What The Dark Knight Rises needs to do to be considered "great"

The Dark Knight Rises is the final installment in Christopher Nolan’s Batman trilogy, which started with Batman Begins and was followed with The Dark Knight. When crafting a trilogy, there are certain elements of the story that must be addressed in the third movie to make the story a satisfying conclusion to the story developed in the previous two. I’ve outlined a few of them below in the context of The Dark Knight trilogy.

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By thewhitewizardrocks - 7/7/2012
The Dark Knight Rises is the final installment in Christopher Nolan’s Batman trilogy, which started with Batman Begins and was followed with The Dark Knight. When crafting a trilogy, there are certain elements of the story that must be addressed in the third movie to make the story a satisfying conclusion to the story developed in the previous two. I’ve outlined a few of them below in the context of The Dark Knight trilogy.

It needs to provide a resolution to Bruce Wayne’s arc:

Here I’m talking about Bruce Wayne, the man without a mask. Bruce Wayne’s tortured past is what drives him to don the batsuit and fight to wipe out crime in Gotham city. However, Batman— the character Bruce creates to grapple with the guilt he feels for his parent’s death—does not offer any means towards absolution. Bruce creates Batman to save Gotham, to give himself purpose in a world that had given him nothing but pain, but what happens when that purpose is achieved? As far as I’m aware (correct me in the comments if I’m wrong!), in the comics, Batman never actually achieves his purpose of saving the ‘heart’ of Gotham. Yes, he may save them from individual threats, but I don’t think that he’s ever permanently achieved his goal. Which is fine in that continuity because we expect to see Batman fight villain after villain, time and time again. Here, we expect an end. Batman is a temporary fix to Bruce’s internal anguish—when he puts on the mask he feels a fleeting glimpse of freedom. He’s able to unleash his inner demons and feel a sort of emotional purification in his crime-fighting. But it’s all temporary. When the mask comes off, the demons settle back down and the guilt returns. Bruce needs to find a way to free himself of the guilt that created Batman if he hopes to hang up the cowl and live on. I think the movie has to address the issue of Bruce’s guilt and emotional pain if it is to provide a satisfactory end to the trilogy. After all, the guilt is what created Batman—it only makes sense that a resolution of that guilt is the only thing that can stop Bruce Wayne from wearing the mask and still be happy.

It needs to provide a conclusive end to the Batman mythos established in this reincarnation of the Batman universe:

A large portion of this has been addressed in the previous section. Narratively, Batman cannot exist if Bruce Wayne hopes to move forward with his life. Also, there is the issue of how the movie has been marketed and what expectations the audience brings into the theatre on July 20th.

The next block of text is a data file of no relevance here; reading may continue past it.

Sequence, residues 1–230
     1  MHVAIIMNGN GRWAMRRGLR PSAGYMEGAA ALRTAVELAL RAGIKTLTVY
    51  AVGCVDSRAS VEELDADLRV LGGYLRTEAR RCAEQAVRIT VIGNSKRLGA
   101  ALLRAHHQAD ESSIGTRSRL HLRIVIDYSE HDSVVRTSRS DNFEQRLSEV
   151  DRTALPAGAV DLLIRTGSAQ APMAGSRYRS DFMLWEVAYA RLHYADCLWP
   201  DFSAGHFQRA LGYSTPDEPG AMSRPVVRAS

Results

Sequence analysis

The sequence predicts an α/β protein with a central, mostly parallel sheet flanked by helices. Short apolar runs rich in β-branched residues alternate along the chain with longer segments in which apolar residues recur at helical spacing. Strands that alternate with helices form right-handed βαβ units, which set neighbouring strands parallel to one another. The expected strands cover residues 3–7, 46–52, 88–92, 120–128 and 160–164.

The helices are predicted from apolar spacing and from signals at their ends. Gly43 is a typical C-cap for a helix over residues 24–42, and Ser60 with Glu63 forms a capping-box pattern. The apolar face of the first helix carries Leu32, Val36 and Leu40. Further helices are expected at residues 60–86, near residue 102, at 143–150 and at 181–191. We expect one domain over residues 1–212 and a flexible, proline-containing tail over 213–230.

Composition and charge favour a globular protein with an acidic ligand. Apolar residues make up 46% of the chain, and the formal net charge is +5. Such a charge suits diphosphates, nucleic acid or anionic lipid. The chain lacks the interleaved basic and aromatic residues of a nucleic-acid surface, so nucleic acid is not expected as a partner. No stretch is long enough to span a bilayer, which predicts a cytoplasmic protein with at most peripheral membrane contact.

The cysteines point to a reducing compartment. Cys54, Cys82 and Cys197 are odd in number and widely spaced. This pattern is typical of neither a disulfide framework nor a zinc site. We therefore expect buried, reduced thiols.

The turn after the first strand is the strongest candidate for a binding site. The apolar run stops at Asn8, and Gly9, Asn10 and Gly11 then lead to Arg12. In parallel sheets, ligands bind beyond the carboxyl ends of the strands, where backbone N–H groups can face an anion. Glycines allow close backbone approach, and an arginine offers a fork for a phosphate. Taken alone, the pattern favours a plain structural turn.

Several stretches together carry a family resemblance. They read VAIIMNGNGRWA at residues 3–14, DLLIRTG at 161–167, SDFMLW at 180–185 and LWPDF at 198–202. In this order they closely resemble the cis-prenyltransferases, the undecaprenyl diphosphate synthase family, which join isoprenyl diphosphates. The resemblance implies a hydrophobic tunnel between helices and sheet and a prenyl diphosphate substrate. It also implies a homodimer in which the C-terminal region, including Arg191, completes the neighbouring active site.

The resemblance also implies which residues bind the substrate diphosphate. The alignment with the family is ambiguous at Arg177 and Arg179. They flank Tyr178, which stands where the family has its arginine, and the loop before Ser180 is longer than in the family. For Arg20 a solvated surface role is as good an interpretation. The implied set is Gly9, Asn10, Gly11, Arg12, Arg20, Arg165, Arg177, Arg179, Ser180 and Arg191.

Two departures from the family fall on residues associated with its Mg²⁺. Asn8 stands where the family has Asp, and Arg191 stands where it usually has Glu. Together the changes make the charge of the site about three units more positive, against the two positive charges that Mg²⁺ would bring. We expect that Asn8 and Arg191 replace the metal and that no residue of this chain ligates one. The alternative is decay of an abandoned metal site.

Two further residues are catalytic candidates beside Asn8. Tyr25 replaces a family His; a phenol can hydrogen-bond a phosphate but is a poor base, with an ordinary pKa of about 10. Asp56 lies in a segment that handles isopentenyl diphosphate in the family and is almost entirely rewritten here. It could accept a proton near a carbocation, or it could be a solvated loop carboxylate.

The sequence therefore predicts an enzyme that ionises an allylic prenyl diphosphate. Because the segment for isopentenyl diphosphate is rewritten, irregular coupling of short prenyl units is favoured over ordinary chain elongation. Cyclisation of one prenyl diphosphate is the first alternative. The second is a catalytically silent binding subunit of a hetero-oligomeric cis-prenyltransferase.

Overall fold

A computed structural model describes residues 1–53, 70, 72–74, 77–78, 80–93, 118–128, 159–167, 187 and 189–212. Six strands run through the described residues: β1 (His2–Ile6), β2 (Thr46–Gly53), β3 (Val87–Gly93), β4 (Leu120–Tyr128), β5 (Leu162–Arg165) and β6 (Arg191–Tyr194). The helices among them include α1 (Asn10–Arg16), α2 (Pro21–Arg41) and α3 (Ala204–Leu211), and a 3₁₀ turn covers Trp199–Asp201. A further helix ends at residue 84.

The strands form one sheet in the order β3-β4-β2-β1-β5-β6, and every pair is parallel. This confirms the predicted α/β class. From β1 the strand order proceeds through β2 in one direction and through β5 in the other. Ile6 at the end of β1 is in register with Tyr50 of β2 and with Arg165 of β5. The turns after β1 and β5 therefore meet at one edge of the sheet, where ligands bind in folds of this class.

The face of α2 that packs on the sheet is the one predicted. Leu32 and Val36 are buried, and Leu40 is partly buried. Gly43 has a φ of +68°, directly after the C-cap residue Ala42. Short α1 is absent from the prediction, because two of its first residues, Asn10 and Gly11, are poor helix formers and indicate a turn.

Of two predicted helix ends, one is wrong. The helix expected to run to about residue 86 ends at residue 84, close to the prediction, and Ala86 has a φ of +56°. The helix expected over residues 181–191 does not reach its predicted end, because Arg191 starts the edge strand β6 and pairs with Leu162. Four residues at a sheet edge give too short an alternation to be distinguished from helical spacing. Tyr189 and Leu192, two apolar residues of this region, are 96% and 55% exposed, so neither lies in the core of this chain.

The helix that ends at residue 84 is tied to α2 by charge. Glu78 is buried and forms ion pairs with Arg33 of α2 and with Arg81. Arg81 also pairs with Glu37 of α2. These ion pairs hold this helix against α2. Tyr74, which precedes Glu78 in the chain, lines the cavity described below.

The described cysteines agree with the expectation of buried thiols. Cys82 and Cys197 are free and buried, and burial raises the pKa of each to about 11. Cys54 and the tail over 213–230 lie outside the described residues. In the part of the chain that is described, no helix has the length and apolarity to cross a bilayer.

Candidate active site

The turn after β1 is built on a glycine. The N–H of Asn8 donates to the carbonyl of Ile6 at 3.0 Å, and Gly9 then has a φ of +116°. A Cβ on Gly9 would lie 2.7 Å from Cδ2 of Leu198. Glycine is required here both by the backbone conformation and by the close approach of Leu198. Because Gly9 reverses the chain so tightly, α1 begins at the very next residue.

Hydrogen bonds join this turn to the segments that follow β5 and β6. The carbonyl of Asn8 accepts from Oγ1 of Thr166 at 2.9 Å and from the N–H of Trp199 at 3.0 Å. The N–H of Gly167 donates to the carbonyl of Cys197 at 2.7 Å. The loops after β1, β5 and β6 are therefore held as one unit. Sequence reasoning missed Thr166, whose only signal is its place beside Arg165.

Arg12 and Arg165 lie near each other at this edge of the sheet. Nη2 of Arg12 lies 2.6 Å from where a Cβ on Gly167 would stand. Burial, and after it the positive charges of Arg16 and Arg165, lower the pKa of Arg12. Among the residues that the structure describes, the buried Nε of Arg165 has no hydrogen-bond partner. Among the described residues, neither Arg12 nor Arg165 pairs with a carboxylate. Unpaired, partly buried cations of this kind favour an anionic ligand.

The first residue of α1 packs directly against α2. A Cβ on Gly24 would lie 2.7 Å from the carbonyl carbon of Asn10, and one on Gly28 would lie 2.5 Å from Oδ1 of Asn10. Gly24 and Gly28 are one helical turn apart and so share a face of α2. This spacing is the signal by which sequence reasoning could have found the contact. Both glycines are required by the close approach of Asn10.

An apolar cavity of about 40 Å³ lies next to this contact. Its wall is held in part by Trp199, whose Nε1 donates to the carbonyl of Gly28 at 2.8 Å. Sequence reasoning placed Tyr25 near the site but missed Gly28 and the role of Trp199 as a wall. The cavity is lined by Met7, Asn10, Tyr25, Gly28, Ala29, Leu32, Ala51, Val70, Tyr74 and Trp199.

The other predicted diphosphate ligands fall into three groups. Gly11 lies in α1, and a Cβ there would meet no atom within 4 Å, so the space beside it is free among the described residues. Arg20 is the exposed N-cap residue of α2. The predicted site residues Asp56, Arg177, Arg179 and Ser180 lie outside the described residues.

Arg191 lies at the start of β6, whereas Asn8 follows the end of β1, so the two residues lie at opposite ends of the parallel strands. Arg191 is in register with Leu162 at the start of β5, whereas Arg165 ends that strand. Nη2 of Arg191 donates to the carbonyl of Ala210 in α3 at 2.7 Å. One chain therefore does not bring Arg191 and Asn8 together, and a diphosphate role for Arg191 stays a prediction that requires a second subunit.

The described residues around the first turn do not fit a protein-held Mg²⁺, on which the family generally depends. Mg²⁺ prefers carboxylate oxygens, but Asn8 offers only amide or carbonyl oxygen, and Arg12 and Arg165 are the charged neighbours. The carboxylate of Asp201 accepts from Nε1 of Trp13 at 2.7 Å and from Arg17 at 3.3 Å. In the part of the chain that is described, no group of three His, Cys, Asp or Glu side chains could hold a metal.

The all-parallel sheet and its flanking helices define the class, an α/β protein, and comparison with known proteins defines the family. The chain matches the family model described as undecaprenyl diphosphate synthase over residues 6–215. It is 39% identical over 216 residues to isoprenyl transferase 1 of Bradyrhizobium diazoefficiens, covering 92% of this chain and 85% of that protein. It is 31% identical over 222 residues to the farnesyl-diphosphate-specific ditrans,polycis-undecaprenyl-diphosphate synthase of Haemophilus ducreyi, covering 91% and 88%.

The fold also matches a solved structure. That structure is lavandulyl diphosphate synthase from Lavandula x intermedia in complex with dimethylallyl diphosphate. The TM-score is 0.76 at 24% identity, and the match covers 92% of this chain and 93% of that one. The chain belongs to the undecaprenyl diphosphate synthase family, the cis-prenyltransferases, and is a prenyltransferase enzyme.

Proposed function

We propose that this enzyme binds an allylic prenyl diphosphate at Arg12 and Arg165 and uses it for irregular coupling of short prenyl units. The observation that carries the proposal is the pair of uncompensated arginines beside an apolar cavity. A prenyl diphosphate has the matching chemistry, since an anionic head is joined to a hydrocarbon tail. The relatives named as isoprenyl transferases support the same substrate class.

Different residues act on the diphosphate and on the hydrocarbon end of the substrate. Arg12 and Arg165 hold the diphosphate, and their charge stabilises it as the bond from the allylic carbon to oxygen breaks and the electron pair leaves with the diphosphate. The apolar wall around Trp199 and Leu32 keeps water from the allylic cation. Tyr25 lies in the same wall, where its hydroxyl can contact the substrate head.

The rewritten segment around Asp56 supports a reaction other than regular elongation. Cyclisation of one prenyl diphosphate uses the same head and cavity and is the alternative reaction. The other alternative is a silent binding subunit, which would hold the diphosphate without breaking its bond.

The movie has been heavily marketed as “the end” and after hyping it up as such, they’re going to have to follow through. Batman needs to have an end that is emotionally satisfying to the audience and though they can go about it in different ways, one thing must happen—Batman must succeed in his quest to save Gotham. Even if he dies, his death must be redemptive in some way. Batman exists to save Gotham and at the end of the second movie, it seemed as if he had served that purpose. Batman and Gordon agreed to sacrifice the legend of Batman to preserve the integrity of Harvey Dent and galvanize the city into fighting to stop crime. But although the second movie satisfied the surface goals of Batman, it did not fulfill the emotional needs of the man under the mask. The second movie left off with a man who sacrificed his purpose and his identity [since wearing the costume frees Bruce of the playboy façade which he must maintain in interactions with virtually everyone] to save the city that he loved. The ending worked perfectly because it established Bruce Wayne as, above all else, completely selfless. To me, redemptive sacrifice has always been the most powerful form of catharsis and seeing The Dark Knight slowly swell to a crescendo and climax with the full weight of responsibility being taken on by Bruce Wayne was an extremely powerful moment—to date, the most powerful cinematic experience I’ve ever experienced. But regardless of how powerful that moment, or how well it wrapped up the themes and plots introduced in The Dark Knight, it still left Batman’s narrative arc in flux. We were unsure of what Bruce Wayne would do after he escaped from the police, what role Batman would play in the new Gotham city—we just knew that he had chosen to take responsibility for the crimes of Two-Face.
With The Dark Knight Rises, the filmmakers have the chance to end the Batman story of their universe definitively. And for the movie to be an emotionally satisfying conclusion to the trilogy, they have to put the idea of Batman’s return after the end of the movie beyond reach.
The action scenes need to be greater in scale and better than the ones in Batman Begins and The Dark Knight: